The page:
The other day an intern asked if I could talk to the lady waiting in the reception area. “She needs to talk to someone about gas money.” I was short on time, in the middle of a project. This was not convenient.
Frequently, we have people come in asking for money. We often see the same people come back with the same story, “My sister cousin’s sick and I don’t have enough money to get to Houston.” They don’t come back except to ask for the same thing, repeating the same story. It would be comical if it weren’t so sad.
The sight of her took my breath away. She must have been in her late 70’s. A tiny thing, she couldn’t have weighed more than 80 pounds. She was at least a foot shorter than me, but it was difficult to gauge her true height -her back was so severely hunched. With her long, stick like limbs she resembled a spider walking upright on two legs, except for her curly white hair.
I asked if she’d like some water. “Oh no dear, I’m fine thanks.” She wore a simple flowered shirt and polyester pants; outdated and well worn, but clean nonetheless. I touched her arm in a gesture of kindness as I sat near her. I almost gasped, she was so frail.
Betty’s mouth was sunken in. Most of her teeth were missing, save for one lonesome tooth sticking out over her lip.
There remained a trace of beauty in her deep blue crystal eyes all but hidden beneath layers of leathery wrinkles. Surprisingly, her eyes danced happily as I spoke with her. Fragile and tiny in frame, she was lively and had a sense of humor.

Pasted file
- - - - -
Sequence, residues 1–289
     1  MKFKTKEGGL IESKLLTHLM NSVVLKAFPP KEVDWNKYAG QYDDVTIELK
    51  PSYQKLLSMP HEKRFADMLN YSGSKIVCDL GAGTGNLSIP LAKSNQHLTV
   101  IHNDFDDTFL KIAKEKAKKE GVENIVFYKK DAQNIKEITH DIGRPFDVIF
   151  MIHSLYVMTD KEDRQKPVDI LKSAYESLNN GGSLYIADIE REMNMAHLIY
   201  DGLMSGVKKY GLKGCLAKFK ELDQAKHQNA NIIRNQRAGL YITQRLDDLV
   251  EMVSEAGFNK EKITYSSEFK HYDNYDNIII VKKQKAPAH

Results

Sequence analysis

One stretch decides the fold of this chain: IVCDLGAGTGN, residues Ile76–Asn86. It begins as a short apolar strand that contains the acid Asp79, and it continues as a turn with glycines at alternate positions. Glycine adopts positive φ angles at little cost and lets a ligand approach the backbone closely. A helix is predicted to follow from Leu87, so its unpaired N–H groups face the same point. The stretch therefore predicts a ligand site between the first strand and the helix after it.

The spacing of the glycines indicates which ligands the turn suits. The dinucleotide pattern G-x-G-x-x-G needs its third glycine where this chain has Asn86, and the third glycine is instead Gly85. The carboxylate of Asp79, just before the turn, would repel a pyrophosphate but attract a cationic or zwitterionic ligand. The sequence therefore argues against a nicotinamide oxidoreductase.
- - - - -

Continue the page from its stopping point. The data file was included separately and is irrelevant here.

I listened to Betty. She was easy going and confident though humble. Usually the teller will speak of hardship focusing on their woe. Always, it ends with, “All I need is money for gas to get to —–.”
Betty, went on about how her momma and daddy raised her in church and how they’d loved her well. She told me how good her life was and how happy she was. Her face lit up as she spoke of Jesus.
In the end, she still was in need. I went to my office to get a gas card thinking, “Wow, she’s really going to use it for gas.” Betty was legit.
Of all times, this was the exception that we were out. I returned, “Betty I’m so sorry. We don’t have anything”. We usually have $20 in petty cash, but even that was empty.
She looked at me, raised her eyebrows beneath worn rimmed glasses, and granted me a big smile, “Oh honey, that’s okay. It was good just to talk.”
I walked her to the door and remembered I had cash for my daughter’s class project. “Wait!”
Betty was so thankful for that $16. She tucked the cash in a little hand bag with fingers misshaped I would guess from arthritis.
We prayed together thanking Jesus for “being so good to us.” With a squeeze of my hand and a wave with her gnarly hand she left.
Her gratefulness made a lasting impression on me.
Whether you realize it or not, you are impacting others around you. What kind of impact to do you have? Is it positive?
Do you have something to give? Wisdom to share? Kindness to extend? A smile for a stranger? A helping hand to a friend in need? A simple thank you.
It doesn’t take much to make a lasting impact, if your eyes are fixed on Jesus.
“Attitude is a little thing that makes a big difference.” -Winston Churchill